The visit to Stornoway of the RAF’s Red Arrows Display Team has reminded us of the long forgotten Sked Barrows Display Team which used to grace manys a Carnival and County Show in the 1920’s.
A ‘sked’ of course, is Stornowegian for ‘herring’. The herring industry in Stornoway was hard work. Although it made a name for the town, the work involved was difficult, labour intensive, back breaking, prone to accidents involving sharp gutting knives and very very smelly.
The working day was long and conditions were poor and so the workforce had to turn to various means of passing the time and taking their minds off the daily drudgery (except Sundays). Some of the Herring Gyurls would pass the time in song, the carters would recite scripture and the skiving bleigards would play cards under the pier.
One way of passing the time and making a long day more bearable was devised by the enterprising youths of Stornoway who were tasked to transport the fish guts in large wooden barrows from the pier to Tigh na Guts.
The young boys would shovel up fish heads and fish guts from the pier into large wooden barrows. They would then skilfully negotiate the rows of barrels and weave in and out of carts and wagons, and make their way to the Gut Factory.
To pass the time the boys would show off their skills with their barrows, dodging through tight spaces, running up and down ramps and criss-crossing each other as they did so. The blood from the various fish parts soon stained the barrows red and the sight of bright red barrows zooming around the pier soon became a common sight.
So much so, that at the 1910 Stornoway Carnival Procession, the boys were asked to join the parade as a mark of how appreciated their work was. The boys bedecked their barrows with bunting and decorative fish heads and dressed up in their finest bobban chumpers. They decided to call themselves The Sked Barrows for the Parade.
They formed up behind the Stornoway Guild of Fishbox Artificers (with their float ‘Kaiser Bill’s A Big Bleigard’) and just in front of the Honourable Association of Dawn Squaders (with their float ‘Pile of Empties’). Just before they set off, the Parade Marshall went round and told all the floats that smoking was strictly forbidden. The Sked Barrows hastily removed their Woodbines from their mouths and cunningly attached them, still lit, to the handles of their barrows.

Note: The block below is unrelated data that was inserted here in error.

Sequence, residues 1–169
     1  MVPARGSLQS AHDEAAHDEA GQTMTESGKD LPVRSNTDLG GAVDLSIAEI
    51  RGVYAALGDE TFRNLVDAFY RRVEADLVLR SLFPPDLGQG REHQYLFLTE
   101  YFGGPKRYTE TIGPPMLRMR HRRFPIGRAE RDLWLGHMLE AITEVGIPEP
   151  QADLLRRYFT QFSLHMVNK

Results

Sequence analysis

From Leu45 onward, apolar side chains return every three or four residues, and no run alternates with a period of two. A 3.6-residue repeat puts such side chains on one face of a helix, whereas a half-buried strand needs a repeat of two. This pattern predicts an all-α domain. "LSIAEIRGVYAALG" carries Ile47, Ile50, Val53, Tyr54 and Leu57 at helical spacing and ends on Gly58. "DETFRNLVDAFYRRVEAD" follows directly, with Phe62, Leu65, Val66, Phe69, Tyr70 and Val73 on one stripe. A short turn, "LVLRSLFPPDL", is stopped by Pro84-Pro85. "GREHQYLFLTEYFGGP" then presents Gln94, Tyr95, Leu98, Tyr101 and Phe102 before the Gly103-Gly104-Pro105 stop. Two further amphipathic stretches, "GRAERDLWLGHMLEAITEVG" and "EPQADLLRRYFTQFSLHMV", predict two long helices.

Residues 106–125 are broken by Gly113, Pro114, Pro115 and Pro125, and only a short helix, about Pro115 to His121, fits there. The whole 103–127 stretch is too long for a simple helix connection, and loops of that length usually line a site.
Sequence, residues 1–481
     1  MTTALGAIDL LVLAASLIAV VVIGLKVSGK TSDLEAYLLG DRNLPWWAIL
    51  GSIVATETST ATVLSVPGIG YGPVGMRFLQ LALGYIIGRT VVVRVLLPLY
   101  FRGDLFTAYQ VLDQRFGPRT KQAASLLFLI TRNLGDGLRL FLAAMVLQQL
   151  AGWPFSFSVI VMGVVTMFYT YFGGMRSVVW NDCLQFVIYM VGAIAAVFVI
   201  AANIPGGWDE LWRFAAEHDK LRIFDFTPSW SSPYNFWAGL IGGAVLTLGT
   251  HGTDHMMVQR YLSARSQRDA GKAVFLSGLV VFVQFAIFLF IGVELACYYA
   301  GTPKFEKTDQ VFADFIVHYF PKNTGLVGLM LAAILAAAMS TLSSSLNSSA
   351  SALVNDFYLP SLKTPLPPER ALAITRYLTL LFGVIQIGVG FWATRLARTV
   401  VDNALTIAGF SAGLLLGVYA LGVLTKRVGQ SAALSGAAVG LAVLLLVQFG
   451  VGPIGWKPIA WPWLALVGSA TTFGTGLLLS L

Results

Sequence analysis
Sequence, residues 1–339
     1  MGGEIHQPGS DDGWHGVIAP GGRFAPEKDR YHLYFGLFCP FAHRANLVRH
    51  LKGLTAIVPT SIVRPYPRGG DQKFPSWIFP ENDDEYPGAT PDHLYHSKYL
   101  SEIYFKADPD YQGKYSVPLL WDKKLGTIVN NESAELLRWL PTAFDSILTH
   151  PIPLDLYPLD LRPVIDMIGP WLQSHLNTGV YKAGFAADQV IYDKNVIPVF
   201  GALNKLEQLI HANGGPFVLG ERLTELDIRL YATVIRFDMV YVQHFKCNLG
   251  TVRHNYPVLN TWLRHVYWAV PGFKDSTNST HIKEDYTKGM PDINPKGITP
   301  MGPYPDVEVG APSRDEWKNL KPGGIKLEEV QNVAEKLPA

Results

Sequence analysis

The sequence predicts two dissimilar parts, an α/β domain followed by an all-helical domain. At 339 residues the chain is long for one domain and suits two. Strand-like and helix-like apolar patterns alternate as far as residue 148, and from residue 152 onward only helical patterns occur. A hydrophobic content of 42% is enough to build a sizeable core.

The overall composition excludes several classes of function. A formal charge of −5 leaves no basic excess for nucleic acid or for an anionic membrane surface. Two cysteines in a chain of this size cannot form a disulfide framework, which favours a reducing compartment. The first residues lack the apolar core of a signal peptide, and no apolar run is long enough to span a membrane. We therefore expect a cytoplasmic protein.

And so the Carnival Parade set off along South Beach and towards Castle Street. Just past No2 Pier, a sudden gust of wind from the harbour flared up the smouldering fags and set fire to the trailing bunting on each of the barrows. The bunting, seeped in herring blood and guts, gave off a variety of colourful (and pungent) smoke.
Instead of causing alarm and consternation, the brightly coloured smoke added to the occasion and the appreciative applause and shouts of the crowd urged the Sked Barrows to start doing all sorts of twists, turns, leaps and lurches. This proved so popular that the Sked Barrows were asked to do an impromptu display of their dexterity on Cromwell St.
The Gazette featured them on the front page the following Thursday and this helped cement their place in Stornoway legend. The Sked Barrows appeared on many occasions over the next four years; at Carnivals, Village Fetes, Highland Games, Funerals and Orduighean. They came up with ever more exciting routines and were able to the best barrows money could buy.
But the shadow of war was lurking behind the fame and fortune they had found. Shortly after War was declared, a visiting Colonel spotted the boys doing a display outside the Clachan and immediately thought of a way they could help the British war effort. As well as helping shift dirt from the trenches at the Front Line, the Sked Barrows could also help boost the troops’ morale. The boys were of course full of patriotic enthusiasm and signed up right away. They were formed up in a special unit called The Ross Mountain Barrowy and were given armour plated khaki barrows.
Soon the gallant bravery of the Sked Barrows was known along the whole of the Western Front. Between them, the 20 coves from Stornoway and their barrows had dug out most of the trenches in France. Their fascinating displays had entertained thousands of troops and all the boys had their chests bedecked with medals.
However, the Germans had noticed them too. A fierce rivalry arose between the Germans’ crack Barrow Squad led by the infamous Red Barrow, Manfred Von Richthovansnahovano. His barrow of choice was a red Fleekker Triwheel and he had the reputation of having the most ‘digs’ of any German barrow operative.
The Sked Barrows’ ongoing struggle with the Red Barrow caught the imaginations of the troops and the British public. Many of the boys acquired nicknames reflecting their fishing backgrounds, including Big Gills, Algae and carrot-topped barrow-fixing expert The Bodach Ruadh. Local Stornoway butcher Willie E. Johns also wrote several books based around the exploits of the Sked Barrows, including:
Big Gills and the loose handle Big Gills at the Front (of the barrow) Big Gills Spills His guts Big Gills Cacs His Drarsh
The demise of the Herring fishery ended the Sked Barrows’ domination of the world of fish barrowbatics, and it was left to other nations to take up the baton. America’s Blue (Sea)Anglers team remain a force to be reckoned with today, as do Italy’s dashing Pesce Tricolori.
Sadly the once-mighty Russians have dropped off a bit since the days of the Cold War, when the crews of visiting Soviet klondykers would astound the crowds at Number 2 pier by performing 90-second vertical handle stands while barrowing 5 cran of mackerel at a time in their top secret MoG-29s.